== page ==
Staying in the program allows partners to compete for billions of dollars worth of contracts associated with the building and maintaining F-35 and getting a discount when purchasing the plane
According to Montreal Gazette, once again the Canadian government has fork out $30 million to remain as a partner nation in the F-35 Joint Strike Fighter program.
The transfer took place in April, National Defence spokeswoman Jessica Lamirande said in an email.
Noteworthy the country has paid US$373 million into the program since 1997, Lamirande explained.
Staying in the program has advantages: partners in fact not only compete for billions of dollars worth of contracts associated with the building and maintaining F-35, but they only get a discount when purchasing the plane.
As we have explained previously, on Jul. 16 2010, the Government of Canada under Conservative Prime Minister Stephen Harper announced its intention to buy 65 F-35s to replace the Canadian Forces’ existing 80 CF-18 Hornets.
Then, on Oct. 19, 2015 the Liberal Party of Canada under Justin Trudeau won the country federal election and in early Jun. 2016 decided to buy the Boeing F/A-18E/F Super Hornet as more affordable alternative to the F-35. But given that the F/A-18 Super Hornet will be an interim-solution, Canada’s future fighter aircraft has not been selected yet: in fact an open competition (which possibly will include both F-35 and Super Hornet) will determine which aircraft is the best to meet Royal Canadian Air Force (RCAF) requirement.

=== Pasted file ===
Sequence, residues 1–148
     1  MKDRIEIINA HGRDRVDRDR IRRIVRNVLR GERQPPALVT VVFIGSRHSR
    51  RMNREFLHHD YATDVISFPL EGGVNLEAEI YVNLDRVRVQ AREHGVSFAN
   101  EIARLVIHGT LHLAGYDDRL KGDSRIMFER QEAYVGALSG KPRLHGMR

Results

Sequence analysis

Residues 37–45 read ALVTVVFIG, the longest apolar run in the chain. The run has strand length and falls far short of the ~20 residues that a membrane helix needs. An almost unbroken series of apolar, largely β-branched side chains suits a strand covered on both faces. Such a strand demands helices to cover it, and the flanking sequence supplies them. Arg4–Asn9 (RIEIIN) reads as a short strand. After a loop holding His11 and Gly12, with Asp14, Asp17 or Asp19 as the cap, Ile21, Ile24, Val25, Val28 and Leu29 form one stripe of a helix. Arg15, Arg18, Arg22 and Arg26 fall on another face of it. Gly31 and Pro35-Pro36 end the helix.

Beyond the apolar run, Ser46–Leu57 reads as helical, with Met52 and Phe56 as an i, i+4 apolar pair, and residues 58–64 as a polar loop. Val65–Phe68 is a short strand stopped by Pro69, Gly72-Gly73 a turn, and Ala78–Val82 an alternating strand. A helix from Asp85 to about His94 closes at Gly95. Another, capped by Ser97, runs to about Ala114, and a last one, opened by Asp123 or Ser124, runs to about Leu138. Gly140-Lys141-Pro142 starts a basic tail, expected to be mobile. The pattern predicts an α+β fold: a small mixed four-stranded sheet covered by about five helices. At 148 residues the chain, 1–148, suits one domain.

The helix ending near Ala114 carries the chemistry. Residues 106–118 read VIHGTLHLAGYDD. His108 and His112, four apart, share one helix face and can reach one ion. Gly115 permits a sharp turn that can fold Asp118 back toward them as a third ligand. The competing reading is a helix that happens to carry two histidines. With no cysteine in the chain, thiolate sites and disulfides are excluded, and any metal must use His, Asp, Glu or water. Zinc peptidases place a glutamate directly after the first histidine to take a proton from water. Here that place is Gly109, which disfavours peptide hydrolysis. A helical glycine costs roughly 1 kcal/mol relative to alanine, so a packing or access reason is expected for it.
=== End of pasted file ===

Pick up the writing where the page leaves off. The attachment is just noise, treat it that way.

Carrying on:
But the recent trade dispute between Boeing, the company that builds the F/A-18 Super Hornet, the F-35’s main competitor, and Montreal-based Bombardier casts the decision to stick with the stealth-fighter program in a new light.
In fact the last week, Trudeau government threatened to scrap the Super Hornet purchase after Boeing persuaded the U.S. Department of Commerce to launch an investigation against Bombardier.
Boeing claimed that, since Bombardier’s new larger C Series passenger aircraft receives Canadian government subsidies that can give it advantages on international market, duties should be imposed on the Canadian airliner.
Lockheed Martin (that builds the F-35), has remained relatively quiet about Canada’s plan to buy interim Super Hornets, but now the company “would openly welcome discussions about interim fighter solutions,” spokeswoman Cindy Tessier said, adding that Lockheed has partnered with Bombardier on another military project.
However Canada’s government is expected to take a decision after Jun. 12, 2017: on that day in fact the U.S. International Trade Commission will issue a ruling after having heard arguments from both aerospace companies in a hearing last week. Then the U.S. Department of Commerce would decide whether to penalize Bombardier.
In the meantime Boeing is emphasizing its longstanding relationship with Canada.
Photo credit: Alain Rioux via Wikimedia Commons and Lt. Aaron B. Hicks / U.S. Navy
Artwork courtesy of AircraftProfilePrints.com